The district court below did consider Northwest's hot cargo defense and found that the challenged provision did not violate section 8(e). We must review that ruling and determine if it is supported by substantial evidence. National Woodwork Manufacturers' Association v. NLRB, 386 U.S. 612, 646, 87 S.Ct. 1250, 1269, 18 L.Ed.2d 357.


The key question we must address is whether, under all the surrounding circumstances, the union's objective in negotiating the contested contractual provision was preservation of work for Northwest's employees, or whether the provision was calculated to satisfy union objectives elsewhere. Id. at 644-46, 87 S.Ct. at 1268-1269. We emphasize that section 8(e) does not prohibit labor agreements made and maintained to pressure an employer to preserve for its employees work traditionally done by them. Id. at 635, 87 S.Ct. at 1263. Relevant to this issue, we stated in our earlier opinion:

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At trial, it was established that Sandoval does routine repair work previously done by his predecessor, Hutchison, a heavy duty repairman who was a union employee of Northwest. Initially, Hutchison worked for Northwest without joining the union. His non-union employment was the subject of grievance proceedings. As a result of the proceedings, Northwest began contributing to the trust funds on Hutchison's behalf.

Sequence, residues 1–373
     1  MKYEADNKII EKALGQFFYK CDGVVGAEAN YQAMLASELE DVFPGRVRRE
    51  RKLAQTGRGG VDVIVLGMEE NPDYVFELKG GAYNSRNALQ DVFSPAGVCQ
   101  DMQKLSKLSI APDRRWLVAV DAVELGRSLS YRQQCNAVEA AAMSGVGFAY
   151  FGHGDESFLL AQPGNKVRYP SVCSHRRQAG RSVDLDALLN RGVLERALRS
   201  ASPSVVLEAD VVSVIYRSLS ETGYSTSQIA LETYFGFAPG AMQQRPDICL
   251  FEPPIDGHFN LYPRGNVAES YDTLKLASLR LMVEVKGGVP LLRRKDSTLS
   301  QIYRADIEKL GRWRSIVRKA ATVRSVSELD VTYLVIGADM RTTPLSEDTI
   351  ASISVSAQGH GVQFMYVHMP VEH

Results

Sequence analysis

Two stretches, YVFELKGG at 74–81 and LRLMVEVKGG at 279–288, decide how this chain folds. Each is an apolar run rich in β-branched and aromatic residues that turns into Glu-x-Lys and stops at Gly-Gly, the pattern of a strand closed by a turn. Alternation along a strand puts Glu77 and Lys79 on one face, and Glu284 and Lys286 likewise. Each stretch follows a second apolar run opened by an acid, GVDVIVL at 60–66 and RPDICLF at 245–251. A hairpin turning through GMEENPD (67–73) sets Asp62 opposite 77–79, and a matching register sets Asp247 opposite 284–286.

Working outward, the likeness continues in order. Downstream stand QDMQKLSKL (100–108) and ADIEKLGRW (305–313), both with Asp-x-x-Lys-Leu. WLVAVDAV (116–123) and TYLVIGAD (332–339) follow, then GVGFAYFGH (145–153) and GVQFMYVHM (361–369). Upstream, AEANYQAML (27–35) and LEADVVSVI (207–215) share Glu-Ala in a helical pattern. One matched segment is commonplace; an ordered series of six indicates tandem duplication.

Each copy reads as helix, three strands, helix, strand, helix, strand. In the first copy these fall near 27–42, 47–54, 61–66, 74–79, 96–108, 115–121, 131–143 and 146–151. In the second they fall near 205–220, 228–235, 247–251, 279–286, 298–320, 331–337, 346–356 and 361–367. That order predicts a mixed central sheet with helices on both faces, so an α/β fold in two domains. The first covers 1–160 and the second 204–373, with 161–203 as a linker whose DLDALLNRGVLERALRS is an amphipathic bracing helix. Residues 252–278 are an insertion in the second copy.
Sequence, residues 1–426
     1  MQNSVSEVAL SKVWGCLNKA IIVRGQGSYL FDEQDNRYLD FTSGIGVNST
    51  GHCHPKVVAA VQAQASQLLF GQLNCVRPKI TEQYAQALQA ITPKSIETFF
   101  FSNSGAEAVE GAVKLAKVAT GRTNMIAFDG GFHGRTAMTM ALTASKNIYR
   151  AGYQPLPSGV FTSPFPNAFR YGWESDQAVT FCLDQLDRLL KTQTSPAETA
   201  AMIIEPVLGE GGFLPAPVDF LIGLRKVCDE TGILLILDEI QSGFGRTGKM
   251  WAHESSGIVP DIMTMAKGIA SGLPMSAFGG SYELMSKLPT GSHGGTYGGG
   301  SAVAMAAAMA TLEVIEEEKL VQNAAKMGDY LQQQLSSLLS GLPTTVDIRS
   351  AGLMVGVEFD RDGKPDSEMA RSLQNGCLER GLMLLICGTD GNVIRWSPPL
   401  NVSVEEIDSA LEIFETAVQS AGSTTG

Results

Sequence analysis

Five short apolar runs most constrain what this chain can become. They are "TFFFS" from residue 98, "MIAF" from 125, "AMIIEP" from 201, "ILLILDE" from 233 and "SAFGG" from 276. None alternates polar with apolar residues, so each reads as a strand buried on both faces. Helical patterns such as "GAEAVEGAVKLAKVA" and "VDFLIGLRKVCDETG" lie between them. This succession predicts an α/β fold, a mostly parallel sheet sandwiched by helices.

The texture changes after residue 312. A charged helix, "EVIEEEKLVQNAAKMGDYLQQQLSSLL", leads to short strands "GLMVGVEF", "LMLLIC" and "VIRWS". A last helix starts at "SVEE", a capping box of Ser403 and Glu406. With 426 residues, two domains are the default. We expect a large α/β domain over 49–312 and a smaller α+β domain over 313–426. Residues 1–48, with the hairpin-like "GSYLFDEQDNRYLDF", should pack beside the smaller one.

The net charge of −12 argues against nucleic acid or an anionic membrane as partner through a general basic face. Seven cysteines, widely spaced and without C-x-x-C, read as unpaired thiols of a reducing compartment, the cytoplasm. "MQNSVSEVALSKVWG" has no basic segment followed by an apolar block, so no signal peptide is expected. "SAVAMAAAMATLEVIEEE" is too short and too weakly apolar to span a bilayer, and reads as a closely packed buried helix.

642 F.2d at 338 (emphasis added).


Based on trial testimony it is clear that, as applied to Sandoval, the purpose of the contested provision was work preservation. Thus the district court correctly concluded that the challenged provision did not violate section 8(e).


In light of the foregoing, we reaffirm our earlier decision which affirmed in part, reversed in part, and remanded the matter to the district court for further proceedings.


The Honorable Howard B. Turrentine, United States District Judge for the Southern District of California, sitting by designation


Section 8(e), codified at 29 U.S.C. § 158(e), forbids labor agreements under which an employer agrees to cease doing business with, or to cease handling the products of, another employer (hot cargo provision). Specifically it provides in relevant part:

It shall be an unfair labor practice for any labor organization and any employer to enter into any contract or agreement, express or implied, whereby such employer ... agrees ... to cease doing business with any other person, and any contract or agreement ... containing such an agreement shall be to such extent unenforcible and void: Provided, That nothing in this subsection shall apply to an agreement between a labor organization and an employer in the construction industry relating to the contracting or subcontracting of work to be done at the site of the construction, alteration, painting, or repair of a building, structure, or other work ....